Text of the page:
CTAs and managed futures have had several years of rocky performance. The Elan Fund delivered somewhat better returns than average — 4.3 percent annualized as of the end of 2018, according to an SBA report. “For us, it’s been OK,” Webster said.

The often-complex products make sense for an equity-diversification mandate, explained Frans Harts, a partner at CTA shop KeyQuant. The French firm runs $430 million in assets, about half of them for U.S. clients. “Managed futures don’t have a bias towards an asset class. They trade currencies, equities, bonds, currencies — and within those different markets, they can be long or short.”

“If you’re concerned about having a strategy that will potentially do well in a medium to long-term reversal in equities or bonds, CTAs are a good fit,” Harts said Friday by phone from France. “If there’s a reversal that’s unexpected — such as in January and February of 2018 — you’re going to feel that pain.”
I used to allocate to CTAs, global macros, and L/S Equity funds. Some CTAs (like Fort) are better than others but there are great new funds out there.

If I had to put my pension money into SBA or the Tampa Fire and Police Fund, I'd choose SBA hands down.

Below, it was another wild day on Wall Street. The market was down nearly 600 points at its low before a huge comeback. With CNBC's Melissa Lee and the Fast Money traders, Pete Najarian, Tim Seymour, Karen Finerman and Guy Adami.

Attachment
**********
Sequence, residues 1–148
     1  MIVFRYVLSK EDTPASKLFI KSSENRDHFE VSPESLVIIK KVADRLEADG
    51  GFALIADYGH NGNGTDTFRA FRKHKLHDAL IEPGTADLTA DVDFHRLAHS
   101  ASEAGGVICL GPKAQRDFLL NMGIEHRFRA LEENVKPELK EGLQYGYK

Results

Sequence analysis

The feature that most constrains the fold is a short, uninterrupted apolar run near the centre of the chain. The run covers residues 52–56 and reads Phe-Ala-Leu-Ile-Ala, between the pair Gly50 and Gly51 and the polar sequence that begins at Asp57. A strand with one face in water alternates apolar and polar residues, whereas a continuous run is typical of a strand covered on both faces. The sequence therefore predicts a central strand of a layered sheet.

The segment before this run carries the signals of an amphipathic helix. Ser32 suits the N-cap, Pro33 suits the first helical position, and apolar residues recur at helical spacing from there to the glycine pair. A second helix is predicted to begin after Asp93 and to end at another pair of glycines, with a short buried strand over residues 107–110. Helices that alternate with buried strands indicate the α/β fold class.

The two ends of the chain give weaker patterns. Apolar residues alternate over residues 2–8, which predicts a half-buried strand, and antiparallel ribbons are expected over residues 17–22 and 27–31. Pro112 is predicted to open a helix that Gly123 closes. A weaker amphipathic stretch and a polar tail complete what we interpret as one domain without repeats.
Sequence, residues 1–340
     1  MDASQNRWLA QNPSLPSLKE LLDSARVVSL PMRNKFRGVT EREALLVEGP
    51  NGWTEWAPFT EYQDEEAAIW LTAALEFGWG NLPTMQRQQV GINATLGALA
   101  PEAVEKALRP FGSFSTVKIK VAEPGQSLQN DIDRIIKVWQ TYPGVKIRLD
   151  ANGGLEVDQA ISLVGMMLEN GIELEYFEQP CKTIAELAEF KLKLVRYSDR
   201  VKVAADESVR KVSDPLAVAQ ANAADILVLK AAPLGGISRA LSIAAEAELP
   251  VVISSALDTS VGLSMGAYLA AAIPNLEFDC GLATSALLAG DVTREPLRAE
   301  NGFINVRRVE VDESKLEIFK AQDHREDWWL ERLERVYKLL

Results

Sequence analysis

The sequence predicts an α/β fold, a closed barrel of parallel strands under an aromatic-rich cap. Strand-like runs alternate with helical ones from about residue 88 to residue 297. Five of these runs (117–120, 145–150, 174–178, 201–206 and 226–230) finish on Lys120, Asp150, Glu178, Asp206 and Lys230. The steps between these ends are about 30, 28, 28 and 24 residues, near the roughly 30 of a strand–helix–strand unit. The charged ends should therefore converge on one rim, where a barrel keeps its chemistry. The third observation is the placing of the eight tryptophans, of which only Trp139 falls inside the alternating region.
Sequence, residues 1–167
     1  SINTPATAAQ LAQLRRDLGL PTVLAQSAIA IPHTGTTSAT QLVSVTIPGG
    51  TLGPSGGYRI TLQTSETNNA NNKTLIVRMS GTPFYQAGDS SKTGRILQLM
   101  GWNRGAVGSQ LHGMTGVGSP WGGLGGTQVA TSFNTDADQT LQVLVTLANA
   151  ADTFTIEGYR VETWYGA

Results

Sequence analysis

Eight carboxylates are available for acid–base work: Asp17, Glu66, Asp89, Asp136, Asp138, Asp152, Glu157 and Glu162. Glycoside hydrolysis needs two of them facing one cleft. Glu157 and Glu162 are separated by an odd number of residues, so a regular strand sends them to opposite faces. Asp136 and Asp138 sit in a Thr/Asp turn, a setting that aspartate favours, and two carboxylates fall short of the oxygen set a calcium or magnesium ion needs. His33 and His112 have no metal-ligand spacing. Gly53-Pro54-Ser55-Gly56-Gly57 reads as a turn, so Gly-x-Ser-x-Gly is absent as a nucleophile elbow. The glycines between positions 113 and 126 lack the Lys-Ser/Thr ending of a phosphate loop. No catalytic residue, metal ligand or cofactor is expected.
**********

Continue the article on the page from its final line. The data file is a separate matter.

Second, the trade war between the US and China could be creating a recession -- at least that's what the Treasury yield curve is indicating. Jim Bianco, President and macro strategist at Bianco Research, explains how we are nearing an all-time low for the 30-year bond.

Lastly, Joachim Fels, managing director and global economic adviser at Pimco, discusses the outlook for US Treasury yields with Bloomberg's Joe Weisenthal, Romaine Bostick and Caroline stating negative interest rates are eventually coming to the US. I predicted deflation is headed to the US and the world is going negative years ago. 

Nonetheless, negative yields in the US aren't around the corner. I think the recent drop in long bond yields was overdone but lower yields and more volatility in stocks do not portend well for pensions, and if we get another crisis, many chronically underfunded US public pensions will be in big trouble.